To find the direction in which the conjunctions were seen on any of the dates in the table, note down the constellation in which the planets were located ('Con' column) on the required date and find the constellation's rising direction (for Dawn/Morning apparitions) or setting direction (for Dusk/Evening apparitions) for your particular latitude in the Rise-Set direction table.

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Photograph of the constellations Virgo and Corvus. Click for full-size picture, 146 KBVirgo and Corvus  A photograph showing the region of the night sky through which Saturn passed during the 2009-12 observing seasons (click on thumbnail for full-size picture, 146 KB). The region of the 2006-13 star chart which is visible in the photograph is contained within the red trapezium shown here (47 KB) and an annotated version of the photograph can be seen here (221 KB). The picture was taken from latitude 51 North in the early morning hours of late January 2006. Virgo is seen at meridian transit (due South) and the distinctive keystone-shape of Corvus  is below it in the South-South-west. Both Leo and Crater are in the South-west (only the tail-end of Leo is visible in the photo). Stars in the upper region of the photo are visible down to about magnitude +8.0. Near the horizon, distant clouds (illuminated by streetlights) block Hydra's Eastern half from view.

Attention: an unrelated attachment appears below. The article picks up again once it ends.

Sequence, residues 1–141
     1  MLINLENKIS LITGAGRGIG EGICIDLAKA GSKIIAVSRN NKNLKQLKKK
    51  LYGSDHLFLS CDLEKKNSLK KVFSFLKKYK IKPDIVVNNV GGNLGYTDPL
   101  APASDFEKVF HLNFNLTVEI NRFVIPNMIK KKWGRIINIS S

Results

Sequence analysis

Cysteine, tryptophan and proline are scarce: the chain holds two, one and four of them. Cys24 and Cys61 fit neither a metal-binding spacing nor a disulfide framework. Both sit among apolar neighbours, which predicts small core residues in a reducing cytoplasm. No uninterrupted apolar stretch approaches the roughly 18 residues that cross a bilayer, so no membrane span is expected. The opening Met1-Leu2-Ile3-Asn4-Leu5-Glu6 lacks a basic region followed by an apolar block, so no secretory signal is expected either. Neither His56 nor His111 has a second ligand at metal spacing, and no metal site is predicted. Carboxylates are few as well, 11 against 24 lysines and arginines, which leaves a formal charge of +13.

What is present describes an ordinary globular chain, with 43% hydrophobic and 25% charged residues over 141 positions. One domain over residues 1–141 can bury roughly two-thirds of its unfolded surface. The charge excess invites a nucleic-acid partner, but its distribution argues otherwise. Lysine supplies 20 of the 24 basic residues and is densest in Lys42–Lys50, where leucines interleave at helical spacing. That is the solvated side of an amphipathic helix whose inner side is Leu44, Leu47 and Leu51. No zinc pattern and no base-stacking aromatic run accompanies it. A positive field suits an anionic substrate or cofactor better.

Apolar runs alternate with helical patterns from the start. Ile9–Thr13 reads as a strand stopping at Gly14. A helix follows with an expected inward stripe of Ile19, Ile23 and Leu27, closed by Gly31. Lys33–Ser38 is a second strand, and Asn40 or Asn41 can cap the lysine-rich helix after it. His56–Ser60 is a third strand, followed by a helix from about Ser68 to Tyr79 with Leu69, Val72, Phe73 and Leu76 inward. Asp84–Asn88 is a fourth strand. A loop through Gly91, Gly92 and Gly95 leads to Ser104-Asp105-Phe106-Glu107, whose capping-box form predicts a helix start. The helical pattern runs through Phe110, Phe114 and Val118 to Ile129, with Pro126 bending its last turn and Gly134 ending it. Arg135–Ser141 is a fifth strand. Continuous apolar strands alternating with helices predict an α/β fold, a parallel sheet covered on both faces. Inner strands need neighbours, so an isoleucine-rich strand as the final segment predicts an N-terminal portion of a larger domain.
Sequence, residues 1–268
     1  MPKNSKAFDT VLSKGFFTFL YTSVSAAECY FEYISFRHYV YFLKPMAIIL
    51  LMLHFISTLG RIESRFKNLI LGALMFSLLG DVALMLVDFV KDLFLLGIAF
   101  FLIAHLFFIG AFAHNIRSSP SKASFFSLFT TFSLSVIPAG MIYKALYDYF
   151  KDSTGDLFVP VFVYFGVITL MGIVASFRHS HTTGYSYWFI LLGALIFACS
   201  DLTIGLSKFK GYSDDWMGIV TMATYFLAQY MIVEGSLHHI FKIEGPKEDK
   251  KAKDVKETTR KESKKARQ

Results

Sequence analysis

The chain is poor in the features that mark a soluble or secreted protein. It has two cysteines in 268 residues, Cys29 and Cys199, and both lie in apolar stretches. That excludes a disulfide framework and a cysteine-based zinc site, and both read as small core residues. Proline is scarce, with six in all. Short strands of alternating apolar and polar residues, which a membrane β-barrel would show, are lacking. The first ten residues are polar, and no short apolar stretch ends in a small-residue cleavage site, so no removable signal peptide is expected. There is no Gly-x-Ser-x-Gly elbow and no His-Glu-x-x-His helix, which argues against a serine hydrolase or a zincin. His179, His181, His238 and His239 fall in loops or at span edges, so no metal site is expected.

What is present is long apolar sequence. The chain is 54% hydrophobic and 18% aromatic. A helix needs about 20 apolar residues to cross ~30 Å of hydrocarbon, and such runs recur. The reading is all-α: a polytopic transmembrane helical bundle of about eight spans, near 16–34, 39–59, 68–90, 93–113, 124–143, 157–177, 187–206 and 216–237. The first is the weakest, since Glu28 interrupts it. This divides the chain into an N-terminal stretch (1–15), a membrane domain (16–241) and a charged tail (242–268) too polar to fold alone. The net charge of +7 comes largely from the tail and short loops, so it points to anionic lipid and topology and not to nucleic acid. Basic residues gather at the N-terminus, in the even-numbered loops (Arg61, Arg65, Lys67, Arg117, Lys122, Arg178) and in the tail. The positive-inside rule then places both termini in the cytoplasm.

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Moon near Saturn Dates, 2013

On one or two days in each month, the Moon can be used as our celestial guide to help in locating Saturn in the sky. Use the following table to determine on which dates the Moon was in the vicinity of the planet: